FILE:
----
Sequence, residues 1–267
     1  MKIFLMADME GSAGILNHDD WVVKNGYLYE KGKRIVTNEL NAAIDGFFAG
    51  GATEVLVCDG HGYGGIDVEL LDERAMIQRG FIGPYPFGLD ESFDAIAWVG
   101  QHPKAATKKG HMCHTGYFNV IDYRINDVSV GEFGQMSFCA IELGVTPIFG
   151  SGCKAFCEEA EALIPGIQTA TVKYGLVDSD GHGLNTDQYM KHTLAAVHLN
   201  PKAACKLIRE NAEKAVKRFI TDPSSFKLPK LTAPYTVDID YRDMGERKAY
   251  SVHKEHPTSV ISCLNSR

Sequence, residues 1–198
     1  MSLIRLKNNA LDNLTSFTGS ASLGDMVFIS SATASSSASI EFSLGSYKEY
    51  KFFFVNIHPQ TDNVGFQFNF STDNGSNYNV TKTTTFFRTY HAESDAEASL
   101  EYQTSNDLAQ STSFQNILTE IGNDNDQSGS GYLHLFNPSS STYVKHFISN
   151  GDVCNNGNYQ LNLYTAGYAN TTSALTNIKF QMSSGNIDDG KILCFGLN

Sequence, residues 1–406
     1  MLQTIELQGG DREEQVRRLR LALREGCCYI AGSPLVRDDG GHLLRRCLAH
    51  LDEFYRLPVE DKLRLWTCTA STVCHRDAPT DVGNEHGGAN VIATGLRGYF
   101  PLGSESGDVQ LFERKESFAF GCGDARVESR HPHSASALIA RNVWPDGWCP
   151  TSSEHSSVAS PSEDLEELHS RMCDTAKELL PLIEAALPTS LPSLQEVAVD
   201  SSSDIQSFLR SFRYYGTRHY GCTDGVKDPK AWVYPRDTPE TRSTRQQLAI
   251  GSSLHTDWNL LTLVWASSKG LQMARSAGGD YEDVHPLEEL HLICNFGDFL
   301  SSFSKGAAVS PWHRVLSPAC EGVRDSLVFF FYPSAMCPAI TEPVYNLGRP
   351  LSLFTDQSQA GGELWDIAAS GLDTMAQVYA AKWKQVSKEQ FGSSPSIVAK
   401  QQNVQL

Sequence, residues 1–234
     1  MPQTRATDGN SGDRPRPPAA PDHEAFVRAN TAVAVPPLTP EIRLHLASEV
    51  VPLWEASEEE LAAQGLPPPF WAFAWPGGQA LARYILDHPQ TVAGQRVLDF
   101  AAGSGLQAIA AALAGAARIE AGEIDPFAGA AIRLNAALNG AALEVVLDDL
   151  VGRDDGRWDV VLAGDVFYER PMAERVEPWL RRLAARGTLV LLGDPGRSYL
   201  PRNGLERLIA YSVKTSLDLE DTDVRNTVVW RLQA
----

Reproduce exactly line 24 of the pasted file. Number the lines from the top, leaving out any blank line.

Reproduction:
     1  MPQTRATDGN SGDRPRPPAA PDHEAFVRAN TAVAVPPLTP EIRLHLASEV